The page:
Researchers in the United States (US) said sugar consumption was linked with larger fat deposits around the heart and in the abdomen, which are risky for health.
These are the findings of a new study published yesterday in the ‘European Journal of Preventive Cardiology,’ a journal of the European Society of Cardiology (ESC).
Study author, Ms. So Yun Yi, said: “Our results support limiting added sugar intake.” Yi is a PhD student at the University of Minnesota School of Public Health in the U.S.
Speaking further, she said: “When we consume too much sugar, the excess is converted to fat and stored.
“This fat tissue located around the heart and in the abdomen releases chemicals into the body, which can be harmful to health.”
Second study author, Dr. Lyn Steffen of the University of Minnesota School of Public Health, said, “Our findings provide more evidence that consuming too much added sugar and sugary drinks is related to a higher amount of fat tissue.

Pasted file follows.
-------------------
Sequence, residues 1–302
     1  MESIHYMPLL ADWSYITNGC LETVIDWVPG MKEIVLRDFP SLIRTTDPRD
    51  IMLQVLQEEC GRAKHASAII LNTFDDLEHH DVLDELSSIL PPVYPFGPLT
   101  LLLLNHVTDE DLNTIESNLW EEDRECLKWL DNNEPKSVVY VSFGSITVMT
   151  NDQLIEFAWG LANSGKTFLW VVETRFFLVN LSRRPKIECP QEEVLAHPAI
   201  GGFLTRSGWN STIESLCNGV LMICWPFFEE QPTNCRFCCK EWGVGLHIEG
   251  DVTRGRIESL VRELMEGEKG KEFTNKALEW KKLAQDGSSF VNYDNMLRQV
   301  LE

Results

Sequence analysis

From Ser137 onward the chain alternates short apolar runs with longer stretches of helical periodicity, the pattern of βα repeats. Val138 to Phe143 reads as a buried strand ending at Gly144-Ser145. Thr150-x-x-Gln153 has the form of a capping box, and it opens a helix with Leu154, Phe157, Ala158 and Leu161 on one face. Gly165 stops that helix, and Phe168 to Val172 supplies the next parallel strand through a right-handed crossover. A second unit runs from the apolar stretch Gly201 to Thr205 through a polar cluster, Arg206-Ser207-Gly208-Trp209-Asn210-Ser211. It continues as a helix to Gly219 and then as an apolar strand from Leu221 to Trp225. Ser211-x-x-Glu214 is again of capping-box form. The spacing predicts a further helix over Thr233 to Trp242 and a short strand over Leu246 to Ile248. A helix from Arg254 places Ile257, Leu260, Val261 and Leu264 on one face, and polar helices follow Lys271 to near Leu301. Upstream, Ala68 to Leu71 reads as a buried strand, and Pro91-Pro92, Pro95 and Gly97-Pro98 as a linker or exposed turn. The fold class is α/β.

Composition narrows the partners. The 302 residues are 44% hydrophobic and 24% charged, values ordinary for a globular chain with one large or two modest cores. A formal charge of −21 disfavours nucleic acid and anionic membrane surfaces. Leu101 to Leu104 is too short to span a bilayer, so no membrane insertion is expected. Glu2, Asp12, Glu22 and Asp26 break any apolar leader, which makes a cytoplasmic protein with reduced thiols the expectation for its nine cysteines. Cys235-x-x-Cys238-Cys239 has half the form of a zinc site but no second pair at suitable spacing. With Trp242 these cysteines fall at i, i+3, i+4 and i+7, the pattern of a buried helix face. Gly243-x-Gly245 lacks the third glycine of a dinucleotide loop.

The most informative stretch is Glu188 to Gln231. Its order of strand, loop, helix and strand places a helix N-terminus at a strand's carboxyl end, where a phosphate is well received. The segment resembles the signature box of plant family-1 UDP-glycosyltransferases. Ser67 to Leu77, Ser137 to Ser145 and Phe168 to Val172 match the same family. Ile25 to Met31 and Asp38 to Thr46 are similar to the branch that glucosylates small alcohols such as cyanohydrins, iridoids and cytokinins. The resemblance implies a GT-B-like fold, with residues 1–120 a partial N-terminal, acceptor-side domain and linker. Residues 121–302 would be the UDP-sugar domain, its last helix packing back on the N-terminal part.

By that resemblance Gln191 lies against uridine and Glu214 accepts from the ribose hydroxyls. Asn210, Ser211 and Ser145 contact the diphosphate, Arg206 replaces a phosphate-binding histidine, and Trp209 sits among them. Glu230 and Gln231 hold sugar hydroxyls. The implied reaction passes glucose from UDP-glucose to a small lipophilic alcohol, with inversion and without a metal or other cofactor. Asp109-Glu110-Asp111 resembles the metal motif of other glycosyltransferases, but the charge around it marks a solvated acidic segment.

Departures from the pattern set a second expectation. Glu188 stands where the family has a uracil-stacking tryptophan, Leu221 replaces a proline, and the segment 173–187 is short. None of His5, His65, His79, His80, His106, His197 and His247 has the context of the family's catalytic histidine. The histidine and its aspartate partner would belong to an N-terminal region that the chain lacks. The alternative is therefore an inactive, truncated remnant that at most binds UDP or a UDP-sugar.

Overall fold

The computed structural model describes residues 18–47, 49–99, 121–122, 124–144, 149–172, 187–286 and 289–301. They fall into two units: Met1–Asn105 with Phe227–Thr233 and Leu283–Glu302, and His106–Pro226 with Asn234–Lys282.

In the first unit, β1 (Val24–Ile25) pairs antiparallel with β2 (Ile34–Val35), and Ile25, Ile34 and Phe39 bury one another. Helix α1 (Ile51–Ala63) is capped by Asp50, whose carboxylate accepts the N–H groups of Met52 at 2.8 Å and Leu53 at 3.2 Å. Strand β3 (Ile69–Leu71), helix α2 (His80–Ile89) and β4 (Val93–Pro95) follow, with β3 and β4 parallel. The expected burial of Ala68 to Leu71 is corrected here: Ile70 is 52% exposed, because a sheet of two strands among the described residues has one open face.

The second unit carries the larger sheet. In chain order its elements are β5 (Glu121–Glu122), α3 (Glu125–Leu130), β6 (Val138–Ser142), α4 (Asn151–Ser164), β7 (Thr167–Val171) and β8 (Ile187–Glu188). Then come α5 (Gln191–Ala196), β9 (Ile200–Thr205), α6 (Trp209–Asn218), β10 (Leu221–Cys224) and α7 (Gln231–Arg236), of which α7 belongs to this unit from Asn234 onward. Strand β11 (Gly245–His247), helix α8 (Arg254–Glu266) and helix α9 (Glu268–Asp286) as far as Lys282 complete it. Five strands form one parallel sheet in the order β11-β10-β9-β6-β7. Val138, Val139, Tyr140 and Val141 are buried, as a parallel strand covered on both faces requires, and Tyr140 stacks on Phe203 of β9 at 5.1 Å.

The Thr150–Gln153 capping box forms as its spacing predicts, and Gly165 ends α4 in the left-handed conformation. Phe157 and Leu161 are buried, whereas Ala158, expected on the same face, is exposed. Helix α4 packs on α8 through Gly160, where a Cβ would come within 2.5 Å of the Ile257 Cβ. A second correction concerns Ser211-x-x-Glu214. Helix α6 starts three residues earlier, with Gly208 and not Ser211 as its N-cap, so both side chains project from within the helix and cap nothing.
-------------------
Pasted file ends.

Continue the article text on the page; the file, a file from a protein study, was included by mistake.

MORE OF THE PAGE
“And, we know that fat deposits are connected with higher risks of heart disease and diabetes.”
The ESC in a release stated that excess sugar consumption was a worldwide problem. The six countries with the highest sales of sugary drinks per capita are Chile, Mexico, Argentina, Peru, the US, and Saudi Arabia. The demand for sugar was expected to increase in Asia, Africa, and Russia, the release stated.
This observational study examined both sugar-sweetened beverages (such as soft drinks, fruit drinks, energy drinks) and sugar added to foods and beverages for sweetness (for example when cooking or in processed foods). The researchers analysed the association between long-term sugar consumption and fat stores around the heart and other organs and found that sugar intake over the 20-year period was related to fat volumes later in life. Higher intakes of both sugar-sweetened beverages and added sugar were related to greater fat stores around organs in a stepwise fashion.
Steffen said: “On top of our individual efforts, governments, food manufacturers, restaurants, schools, and workplaces have a role to play in increasing consumer awareness of the sugar content in foods and beverages and offering healthier alternatives.”